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Eur Heart J. 2018 Oct 25. doi: 10.1093/eurheartj/ehy649. [Epub ahead of print]

European position paper on the management of patients with patent foramen ovale. General approach and left circulation thromboembolism.

Author information

1
S. Filippo Neri Hospital - ASL Roma 1, Rome, Italy.
2
CardioVascular Center (CVC) Frankfurt, Frankfurt, Germany.
3
Anglia Ruskin University, Chelmsford, United Kingdom, and University of California San Francisco (UCSF), San Francisco, USA.
4
Città della Salute e della Scienza Hospital, University of Turin, Turin, Italy.
5
Hôpital Sainte-Anne, Université Paris Descartes, Paris, France.
6
University Hospital, Bern, Switzerland.
7
Sussex Cardiac Centre, Brighton and Sussex University Hospitals, Brighton, United Kingdom.
8
Hospital Policlinico Umberto I, Sapienza University, Rome, Italy.
9
Medical University, Vienna, Austria.
10
Leeds General Infirmary, Leeds, United Kingdom.
11
Faculté de Médecine de Créteil, Hôpital Henri Mondor, Créteil, France.
12
Humanitas Gavazzeni, Bergamo, Italy.
13
Campus Großhadern, Ludwig-Maximilians-Universität (LMU), Munich, Germany.
14
Military Hospital, Brussels, Belgium.
15
Heart Hospital, Massa, Italy.
16
Policlinico, San Donato, University Hospital, San Donato Milanese, Milan, Italy.
17
University Hospital, Krakow, Poland.
18
University Hospital Ramón y Cajal, Madrid, Spain.

Abstract

The presence of a patent foramen ovale (PFO) is implicated in the pathogenesis of a number of medical conditions; however, the subject remains controversial and no official statements have been published. This interdisciplinary paper, prepared with involvement of eight European scientific societies, aims to review the available trial evidence and to define the principles needed to guide decision making in patients with PFO. In order to guarantee a strict process, position statements were developed with the use of a modified grading of recommendations assessment, development, and evaluation (GRADE) methodology. A critical qualitative and quantitative evaluation of diagnostic and therapeutic procedures was performed, including assessment of the risk/benefit ratio. The level of evidence and the strength of the position statements of particular management options were weighed and graded according to predefined scales. Despite being based often on limited and non-randomised data, while waiting for more conclusive evidence, it was possible to conclude on a number of position statements regarding a rational general approach to PFO management and to specific considerations regarding left circulation thromboembolism. For some therapeutic aspects, it was possible to express stricter position statements based on randomised trials. This position paper provides the first largely shared, interdisciplinary approach for a rational PFO management based on the best available evidence.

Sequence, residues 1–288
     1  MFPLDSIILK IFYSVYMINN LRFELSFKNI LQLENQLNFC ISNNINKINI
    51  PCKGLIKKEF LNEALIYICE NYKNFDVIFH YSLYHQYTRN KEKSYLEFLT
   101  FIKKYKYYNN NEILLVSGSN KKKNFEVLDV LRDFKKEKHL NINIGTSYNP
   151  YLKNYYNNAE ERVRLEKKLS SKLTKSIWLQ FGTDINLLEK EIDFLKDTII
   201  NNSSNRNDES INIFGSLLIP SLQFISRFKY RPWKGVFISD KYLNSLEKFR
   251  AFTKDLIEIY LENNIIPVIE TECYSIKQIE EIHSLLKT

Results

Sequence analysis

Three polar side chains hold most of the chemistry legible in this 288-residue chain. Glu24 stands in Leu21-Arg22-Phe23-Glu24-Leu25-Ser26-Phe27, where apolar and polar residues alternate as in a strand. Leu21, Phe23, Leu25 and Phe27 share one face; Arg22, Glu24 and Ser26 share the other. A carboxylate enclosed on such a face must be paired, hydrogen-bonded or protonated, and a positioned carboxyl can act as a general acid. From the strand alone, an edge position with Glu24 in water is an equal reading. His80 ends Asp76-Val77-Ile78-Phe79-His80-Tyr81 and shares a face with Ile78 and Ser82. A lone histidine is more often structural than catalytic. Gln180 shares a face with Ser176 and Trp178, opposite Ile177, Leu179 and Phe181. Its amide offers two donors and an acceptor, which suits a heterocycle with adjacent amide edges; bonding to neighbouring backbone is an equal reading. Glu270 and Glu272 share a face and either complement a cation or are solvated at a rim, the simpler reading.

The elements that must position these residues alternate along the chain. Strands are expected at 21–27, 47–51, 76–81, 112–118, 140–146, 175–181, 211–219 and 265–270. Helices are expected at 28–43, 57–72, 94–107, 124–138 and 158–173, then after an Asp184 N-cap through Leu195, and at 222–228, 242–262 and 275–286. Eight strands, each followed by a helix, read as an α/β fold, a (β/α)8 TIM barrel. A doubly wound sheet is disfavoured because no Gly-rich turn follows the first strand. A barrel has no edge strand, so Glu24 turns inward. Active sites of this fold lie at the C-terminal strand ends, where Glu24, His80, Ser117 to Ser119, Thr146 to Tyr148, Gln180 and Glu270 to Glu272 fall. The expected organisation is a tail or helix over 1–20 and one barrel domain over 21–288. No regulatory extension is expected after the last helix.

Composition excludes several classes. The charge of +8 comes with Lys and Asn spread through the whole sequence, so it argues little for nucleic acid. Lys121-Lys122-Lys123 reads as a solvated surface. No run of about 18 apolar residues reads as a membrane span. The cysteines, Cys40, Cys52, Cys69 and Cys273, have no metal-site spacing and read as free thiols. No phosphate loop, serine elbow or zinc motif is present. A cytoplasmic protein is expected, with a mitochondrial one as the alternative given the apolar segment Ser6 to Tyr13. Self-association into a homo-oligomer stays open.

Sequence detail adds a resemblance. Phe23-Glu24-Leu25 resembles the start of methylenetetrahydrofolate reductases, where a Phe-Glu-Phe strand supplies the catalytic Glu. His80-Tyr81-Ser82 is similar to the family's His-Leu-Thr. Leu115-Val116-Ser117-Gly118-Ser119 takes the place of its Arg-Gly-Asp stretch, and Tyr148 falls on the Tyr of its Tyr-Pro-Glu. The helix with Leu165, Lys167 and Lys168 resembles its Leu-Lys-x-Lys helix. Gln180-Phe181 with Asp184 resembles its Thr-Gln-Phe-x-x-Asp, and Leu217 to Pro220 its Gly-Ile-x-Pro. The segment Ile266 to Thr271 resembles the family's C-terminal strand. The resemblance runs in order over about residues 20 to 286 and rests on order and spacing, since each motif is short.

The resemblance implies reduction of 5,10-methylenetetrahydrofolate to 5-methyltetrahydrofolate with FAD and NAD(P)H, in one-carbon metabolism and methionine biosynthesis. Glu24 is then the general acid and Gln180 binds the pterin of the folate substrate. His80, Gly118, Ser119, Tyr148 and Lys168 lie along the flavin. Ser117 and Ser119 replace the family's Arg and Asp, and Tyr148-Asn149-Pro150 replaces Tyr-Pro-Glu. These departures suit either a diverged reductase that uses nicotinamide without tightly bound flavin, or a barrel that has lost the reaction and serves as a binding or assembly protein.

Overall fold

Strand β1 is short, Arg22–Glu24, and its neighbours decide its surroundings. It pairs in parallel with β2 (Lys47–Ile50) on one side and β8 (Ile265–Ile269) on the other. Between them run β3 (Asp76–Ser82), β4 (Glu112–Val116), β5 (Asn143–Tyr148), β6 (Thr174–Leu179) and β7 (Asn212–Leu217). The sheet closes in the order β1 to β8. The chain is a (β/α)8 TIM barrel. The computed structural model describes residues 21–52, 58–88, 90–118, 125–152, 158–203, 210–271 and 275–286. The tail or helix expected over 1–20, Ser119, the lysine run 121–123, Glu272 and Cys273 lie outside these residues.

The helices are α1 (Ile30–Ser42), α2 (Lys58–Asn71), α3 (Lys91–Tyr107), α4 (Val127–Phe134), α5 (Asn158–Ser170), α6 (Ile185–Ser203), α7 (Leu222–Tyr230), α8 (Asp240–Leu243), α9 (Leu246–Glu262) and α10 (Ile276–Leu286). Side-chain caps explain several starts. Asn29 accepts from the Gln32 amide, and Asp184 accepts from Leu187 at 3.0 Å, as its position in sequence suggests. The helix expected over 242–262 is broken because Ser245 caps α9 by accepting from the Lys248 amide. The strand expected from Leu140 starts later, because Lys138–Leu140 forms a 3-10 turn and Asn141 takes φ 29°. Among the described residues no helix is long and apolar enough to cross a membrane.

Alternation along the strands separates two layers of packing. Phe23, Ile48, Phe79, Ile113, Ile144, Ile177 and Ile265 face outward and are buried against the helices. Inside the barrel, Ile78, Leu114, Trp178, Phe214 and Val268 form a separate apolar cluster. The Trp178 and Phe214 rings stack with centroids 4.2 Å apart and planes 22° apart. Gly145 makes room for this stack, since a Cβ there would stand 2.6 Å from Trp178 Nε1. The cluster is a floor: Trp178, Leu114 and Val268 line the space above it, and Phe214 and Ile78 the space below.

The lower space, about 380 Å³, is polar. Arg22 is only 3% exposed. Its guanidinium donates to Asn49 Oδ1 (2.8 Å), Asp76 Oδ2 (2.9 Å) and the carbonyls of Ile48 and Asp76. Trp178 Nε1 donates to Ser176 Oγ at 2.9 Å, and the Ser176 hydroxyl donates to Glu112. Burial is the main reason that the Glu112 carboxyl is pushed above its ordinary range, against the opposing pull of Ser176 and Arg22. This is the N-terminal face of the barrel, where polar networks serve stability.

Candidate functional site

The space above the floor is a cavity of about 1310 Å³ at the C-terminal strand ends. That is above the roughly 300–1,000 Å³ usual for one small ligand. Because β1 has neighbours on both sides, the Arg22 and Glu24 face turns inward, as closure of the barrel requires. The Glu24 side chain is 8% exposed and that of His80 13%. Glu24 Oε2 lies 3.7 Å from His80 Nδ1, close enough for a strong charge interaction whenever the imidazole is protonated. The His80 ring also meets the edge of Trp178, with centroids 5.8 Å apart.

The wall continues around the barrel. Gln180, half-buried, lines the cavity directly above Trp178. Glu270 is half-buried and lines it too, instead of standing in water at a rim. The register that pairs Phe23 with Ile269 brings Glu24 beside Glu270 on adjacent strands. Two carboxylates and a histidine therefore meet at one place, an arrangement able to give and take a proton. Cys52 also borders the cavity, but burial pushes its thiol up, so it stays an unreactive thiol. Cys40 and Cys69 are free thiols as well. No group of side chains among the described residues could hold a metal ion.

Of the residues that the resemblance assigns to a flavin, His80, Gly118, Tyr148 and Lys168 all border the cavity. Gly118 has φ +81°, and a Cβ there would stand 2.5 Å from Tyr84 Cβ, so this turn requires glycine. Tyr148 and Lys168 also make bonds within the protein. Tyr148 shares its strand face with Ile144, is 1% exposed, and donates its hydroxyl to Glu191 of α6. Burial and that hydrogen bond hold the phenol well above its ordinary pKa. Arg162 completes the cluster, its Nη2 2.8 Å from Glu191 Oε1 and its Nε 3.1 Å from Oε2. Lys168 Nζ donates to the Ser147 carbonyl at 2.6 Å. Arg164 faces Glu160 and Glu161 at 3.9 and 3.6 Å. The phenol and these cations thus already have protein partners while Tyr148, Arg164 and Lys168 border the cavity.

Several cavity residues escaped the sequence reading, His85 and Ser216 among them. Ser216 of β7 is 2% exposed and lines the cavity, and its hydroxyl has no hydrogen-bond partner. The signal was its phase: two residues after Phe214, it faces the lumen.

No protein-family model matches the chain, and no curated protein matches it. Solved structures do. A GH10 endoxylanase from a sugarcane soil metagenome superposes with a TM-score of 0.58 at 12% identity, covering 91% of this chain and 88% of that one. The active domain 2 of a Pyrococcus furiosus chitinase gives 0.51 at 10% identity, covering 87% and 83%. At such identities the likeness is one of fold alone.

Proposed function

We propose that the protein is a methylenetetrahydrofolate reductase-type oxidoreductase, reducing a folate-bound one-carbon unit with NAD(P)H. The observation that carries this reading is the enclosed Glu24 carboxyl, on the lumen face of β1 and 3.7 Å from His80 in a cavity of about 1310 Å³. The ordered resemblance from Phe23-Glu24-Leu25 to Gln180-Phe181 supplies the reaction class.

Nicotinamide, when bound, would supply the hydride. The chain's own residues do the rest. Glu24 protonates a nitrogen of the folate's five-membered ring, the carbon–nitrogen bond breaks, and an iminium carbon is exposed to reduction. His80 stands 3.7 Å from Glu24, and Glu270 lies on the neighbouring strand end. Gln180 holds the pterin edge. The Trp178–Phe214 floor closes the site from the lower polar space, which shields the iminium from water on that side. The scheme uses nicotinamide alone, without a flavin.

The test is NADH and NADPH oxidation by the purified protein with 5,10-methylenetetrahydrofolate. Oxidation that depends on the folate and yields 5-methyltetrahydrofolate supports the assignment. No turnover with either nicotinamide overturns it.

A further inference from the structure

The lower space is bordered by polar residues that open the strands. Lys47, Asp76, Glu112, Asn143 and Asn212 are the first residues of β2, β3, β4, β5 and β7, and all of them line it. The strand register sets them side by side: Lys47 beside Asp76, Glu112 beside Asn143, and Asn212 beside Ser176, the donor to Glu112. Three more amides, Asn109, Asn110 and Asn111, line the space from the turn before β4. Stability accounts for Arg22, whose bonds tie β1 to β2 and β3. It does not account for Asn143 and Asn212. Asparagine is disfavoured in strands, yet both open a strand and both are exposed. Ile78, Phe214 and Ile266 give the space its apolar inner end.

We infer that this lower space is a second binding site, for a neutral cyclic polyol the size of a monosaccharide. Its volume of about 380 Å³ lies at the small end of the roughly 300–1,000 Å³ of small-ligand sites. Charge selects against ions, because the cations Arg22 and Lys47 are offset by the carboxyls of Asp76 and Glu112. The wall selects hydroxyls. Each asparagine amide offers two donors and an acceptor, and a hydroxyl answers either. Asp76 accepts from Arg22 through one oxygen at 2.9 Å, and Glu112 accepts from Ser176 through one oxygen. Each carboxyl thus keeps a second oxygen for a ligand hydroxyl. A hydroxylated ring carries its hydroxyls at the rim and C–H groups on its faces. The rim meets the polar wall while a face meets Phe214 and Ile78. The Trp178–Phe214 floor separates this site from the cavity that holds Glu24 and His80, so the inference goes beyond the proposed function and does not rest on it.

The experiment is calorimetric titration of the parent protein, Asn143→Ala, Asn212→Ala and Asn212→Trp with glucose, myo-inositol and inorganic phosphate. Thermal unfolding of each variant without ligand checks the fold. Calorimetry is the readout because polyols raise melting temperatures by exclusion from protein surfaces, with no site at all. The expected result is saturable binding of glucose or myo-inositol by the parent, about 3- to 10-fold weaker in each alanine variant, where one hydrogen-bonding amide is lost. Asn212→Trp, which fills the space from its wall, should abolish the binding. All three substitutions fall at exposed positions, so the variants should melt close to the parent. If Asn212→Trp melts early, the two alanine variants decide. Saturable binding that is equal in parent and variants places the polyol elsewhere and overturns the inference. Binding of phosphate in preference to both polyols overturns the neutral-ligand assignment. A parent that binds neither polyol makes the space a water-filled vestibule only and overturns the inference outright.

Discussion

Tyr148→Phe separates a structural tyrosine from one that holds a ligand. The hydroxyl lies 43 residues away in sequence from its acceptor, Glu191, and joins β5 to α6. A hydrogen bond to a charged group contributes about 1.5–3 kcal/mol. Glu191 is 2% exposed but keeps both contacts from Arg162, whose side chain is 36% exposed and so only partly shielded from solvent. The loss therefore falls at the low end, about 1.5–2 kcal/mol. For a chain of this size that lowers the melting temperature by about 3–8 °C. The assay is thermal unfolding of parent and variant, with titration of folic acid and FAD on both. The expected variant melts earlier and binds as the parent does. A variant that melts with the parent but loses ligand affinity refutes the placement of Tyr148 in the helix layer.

PMID:
30358849
DOI:
10.1093/eurheartj/ehy649

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